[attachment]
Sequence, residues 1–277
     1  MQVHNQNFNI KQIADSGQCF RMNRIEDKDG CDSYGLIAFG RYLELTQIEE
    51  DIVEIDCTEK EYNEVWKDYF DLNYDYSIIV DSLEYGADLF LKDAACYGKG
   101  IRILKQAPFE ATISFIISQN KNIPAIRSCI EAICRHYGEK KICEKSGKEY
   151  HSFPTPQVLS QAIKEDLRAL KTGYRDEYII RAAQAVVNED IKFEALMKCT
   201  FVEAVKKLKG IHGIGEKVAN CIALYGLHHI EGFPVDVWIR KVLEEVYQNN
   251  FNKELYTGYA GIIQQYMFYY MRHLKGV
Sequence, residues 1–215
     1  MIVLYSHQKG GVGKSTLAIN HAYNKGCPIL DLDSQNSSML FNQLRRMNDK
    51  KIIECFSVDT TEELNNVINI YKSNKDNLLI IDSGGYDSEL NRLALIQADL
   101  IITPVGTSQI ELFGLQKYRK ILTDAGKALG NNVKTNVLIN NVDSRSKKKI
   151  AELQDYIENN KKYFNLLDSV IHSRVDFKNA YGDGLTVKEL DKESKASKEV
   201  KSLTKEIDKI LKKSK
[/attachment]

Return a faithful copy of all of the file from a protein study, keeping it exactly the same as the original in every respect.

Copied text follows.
Sequence, residues 1–277
     1  MQVHNQNFNI KQIADSGQCF RMNRIEDKDG CDSYGLIAFG RYLELTQIEE
    51  DIVEIDCTEK EYNEVWKDYF DLNYDYSIIV DSLEYGADLF LKDAACYGKG
   101  IRILKQAPFE ATISFIISQN KNIPAIRSCI EAICRHYGEK KICEKSGKEY
   151  HSFPTPQVLS QAIKEDLRAL KTGYRDEYII RAAQAVVNED IKFEALMKCT
   201  FVEAVKKLKG IHGIGEKVAN CIALYGLHHI EGFPVDVWIR KVLEEVYQNN
   251  FNKELYTGYA GIIQQYMFYY MRHLKGV
Sequence, residues 1–215
     1  MIVLYSHQKG GVGKSTLAIN HAYNKGCPIL DLDSQNSSML FNQLRRMNDK
    51  KIIECFSVDT TEELNNVINI YKSNKDNLLI IDSGGYDSEL NRLALIQADL
   101  IITPVGTSQI ELFGLQKYRK ILTDAGKALG NNVKTNVLIN NVDSRSKKKI
   151  AELQDYIENN KKYFNLLDSV IHSRVDFKNA YGDGLTVKEL DKESKASKEV
   201  KSLTKEIDKI LKKSK